...85-year-old Frank Curre Jr., agrees to talk to me. His story is harrowing. He was only 18 when his ship, the U.S.S. Tennessee, was bombed in the attack. He saw the U.S.S. Arizona explode when a bomb ignited its ammunition magazine. He describes the resulting carnage as “like someone threw up a box of popcorn into the air, the popcorn was the men coming off her.”
Of course, nurses were at Pearl Harbor, too. Lieutenant Ruth Erickson remembers...
The first patient came into our dressing room at 8:25 a.m. with a large opening in his abdomen and bleeding profusely. They started an intravenous and transfusion. I can still see the tremor of Dr. Brunson's hand as he picked up the needle. Everyone was terrified. The patient died within the hour.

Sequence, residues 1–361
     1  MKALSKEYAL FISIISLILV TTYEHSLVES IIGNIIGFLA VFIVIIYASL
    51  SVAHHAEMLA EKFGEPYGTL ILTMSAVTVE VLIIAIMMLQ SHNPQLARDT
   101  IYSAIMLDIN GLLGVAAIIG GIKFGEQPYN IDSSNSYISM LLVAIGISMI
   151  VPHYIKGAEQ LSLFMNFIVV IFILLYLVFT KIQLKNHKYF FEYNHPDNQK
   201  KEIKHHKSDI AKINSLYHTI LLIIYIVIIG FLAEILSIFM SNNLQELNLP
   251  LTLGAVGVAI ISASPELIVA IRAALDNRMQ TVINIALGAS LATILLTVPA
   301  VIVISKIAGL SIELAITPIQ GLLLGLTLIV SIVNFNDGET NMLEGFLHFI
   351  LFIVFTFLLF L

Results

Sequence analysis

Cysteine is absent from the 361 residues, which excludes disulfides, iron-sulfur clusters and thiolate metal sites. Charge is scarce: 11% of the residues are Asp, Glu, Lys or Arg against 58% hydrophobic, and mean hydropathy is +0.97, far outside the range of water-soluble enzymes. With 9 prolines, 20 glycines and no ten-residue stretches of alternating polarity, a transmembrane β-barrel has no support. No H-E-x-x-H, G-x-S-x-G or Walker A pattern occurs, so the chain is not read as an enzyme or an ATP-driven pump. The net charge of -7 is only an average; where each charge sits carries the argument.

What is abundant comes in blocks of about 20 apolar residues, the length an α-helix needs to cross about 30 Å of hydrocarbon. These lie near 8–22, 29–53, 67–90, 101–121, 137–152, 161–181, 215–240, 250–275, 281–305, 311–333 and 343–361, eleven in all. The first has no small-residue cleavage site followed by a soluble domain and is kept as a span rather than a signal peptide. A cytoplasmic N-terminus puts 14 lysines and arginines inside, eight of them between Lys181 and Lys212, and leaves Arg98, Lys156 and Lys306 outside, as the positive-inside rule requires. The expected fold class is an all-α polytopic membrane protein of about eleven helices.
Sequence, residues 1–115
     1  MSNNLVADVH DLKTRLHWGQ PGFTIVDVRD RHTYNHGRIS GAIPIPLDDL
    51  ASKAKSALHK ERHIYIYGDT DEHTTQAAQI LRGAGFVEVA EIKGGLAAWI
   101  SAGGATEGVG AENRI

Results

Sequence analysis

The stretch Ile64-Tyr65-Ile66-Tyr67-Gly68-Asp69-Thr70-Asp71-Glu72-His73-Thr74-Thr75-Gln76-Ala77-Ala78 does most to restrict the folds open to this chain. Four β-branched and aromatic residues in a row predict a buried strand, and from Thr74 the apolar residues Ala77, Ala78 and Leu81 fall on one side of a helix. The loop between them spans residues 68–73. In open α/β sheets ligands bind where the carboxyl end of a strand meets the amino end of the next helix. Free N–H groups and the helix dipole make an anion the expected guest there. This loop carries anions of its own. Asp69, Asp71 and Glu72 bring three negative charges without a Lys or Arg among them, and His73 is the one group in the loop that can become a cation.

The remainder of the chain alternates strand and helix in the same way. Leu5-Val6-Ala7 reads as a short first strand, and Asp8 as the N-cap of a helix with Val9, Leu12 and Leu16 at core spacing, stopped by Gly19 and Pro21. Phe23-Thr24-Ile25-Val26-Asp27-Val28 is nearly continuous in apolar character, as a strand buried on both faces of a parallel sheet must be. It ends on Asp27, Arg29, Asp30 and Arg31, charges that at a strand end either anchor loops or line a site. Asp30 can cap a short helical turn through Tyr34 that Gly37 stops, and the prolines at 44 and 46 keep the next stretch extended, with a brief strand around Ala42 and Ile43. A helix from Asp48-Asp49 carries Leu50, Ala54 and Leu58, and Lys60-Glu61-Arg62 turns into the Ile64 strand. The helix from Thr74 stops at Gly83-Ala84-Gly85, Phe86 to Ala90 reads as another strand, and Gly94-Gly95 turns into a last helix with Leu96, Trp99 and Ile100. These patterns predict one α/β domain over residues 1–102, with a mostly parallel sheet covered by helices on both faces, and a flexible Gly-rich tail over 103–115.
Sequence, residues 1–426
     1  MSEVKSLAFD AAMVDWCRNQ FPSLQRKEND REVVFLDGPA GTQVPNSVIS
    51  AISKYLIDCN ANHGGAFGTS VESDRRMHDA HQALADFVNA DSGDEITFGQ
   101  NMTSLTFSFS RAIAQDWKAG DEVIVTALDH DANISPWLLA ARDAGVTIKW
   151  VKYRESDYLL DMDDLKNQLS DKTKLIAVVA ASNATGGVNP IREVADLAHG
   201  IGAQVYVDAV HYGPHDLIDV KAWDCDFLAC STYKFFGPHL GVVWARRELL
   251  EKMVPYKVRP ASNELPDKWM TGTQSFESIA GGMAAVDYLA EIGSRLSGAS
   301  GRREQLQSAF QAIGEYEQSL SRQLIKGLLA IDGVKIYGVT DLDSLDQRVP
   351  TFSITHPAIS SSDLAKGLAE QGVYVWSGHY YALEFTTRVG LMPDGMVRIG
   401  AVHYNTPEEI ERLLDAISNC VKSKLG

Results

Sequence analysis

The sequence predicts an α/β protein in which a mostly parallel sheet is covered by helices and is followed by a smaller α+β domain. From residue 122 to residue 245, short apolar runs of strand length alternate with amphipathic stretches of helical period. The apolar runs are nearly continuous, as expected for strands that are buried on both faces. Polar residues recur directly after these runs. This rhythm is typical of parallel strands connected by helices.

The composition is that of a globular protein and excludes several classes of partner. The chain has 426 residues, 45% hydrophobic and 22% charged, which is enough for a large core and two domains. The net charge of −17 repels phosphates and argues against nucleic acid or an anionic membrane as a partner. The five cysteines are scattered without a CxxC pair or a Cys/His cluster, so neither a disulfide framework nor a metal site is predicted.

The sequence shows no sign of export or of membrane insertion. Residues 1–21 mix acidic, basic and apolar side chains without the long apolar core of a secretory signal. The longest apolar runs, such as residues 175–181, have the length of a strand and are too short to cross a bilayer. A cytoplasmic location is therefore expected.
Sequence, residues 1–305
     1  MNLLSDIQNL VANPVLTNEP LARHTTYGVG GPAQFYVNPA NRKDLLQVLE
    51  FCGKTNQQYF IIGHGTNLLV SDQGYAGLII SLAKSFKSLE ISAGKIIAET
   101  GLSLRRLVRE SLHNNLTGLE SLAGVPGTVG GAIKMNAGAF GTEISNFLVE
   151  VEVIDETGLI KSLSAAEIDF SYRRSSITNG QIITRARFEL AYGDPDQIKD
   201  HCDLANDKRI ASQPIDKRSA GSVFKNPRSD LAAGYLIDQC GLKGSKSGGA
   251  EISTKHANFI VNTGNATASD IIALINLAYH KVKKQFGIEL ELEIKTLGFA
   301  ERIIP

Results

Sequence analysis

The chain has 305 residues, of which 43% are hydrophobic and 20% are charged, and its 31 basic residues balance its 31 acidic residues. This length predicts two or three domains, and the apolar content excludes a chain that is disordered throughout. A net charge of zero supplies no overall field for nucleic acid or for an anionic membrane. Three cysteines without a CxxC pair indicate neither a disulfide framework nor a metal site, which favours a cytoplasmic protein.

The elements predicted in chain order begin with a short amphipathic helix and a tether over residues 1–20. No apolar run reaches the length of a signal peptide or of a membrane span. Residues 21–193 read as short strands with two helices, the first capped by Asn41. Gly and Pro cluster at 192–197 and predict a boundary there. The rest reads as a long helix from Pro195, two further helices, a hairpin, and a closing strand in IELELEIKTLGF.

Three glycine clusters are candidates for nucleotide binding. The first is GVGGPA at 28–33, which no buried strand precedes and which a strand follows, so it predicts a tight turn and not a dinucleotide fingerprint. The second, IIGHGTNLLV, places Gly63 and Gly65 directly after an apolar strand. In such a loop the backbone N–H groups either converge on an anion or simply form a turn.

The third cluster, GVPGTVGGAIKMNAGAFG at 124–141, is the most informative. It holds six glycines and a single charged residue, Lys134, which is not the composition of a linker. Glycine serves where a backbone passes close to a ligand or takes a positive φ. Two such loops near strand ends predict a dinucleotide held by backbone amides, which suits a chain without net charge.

Then the burned patients streamed in. The USS Nevada (BB-36) had managed some steam and attempted to get out of the channel. They were unable to make it and went aground on Hospital Point right near the hospital. There was heavy oil on the water and the men dived off the ship and swam through these waters to Hospital Point, not too great a distance, but when one is burned... How they ever managed, I'll never know.
The tropical dress at the time was white t-shirts and shorts. The burns began where the pants ended. Bared arms and faces were plentiful. Personnel retrieved a supply of flit guns from stock. We filled these with tannic acid to spray burned bodies. Then we gave these gravely injured patients sedatives for their intense pain.
Orthopedic patients were eased out of their beds with no time for linen changes as an unending stream of burn patients continued until mid afternoon. A doctor, who several days before had renal surgery and was still convalescing, got out of his bed and began to assist the other doctors.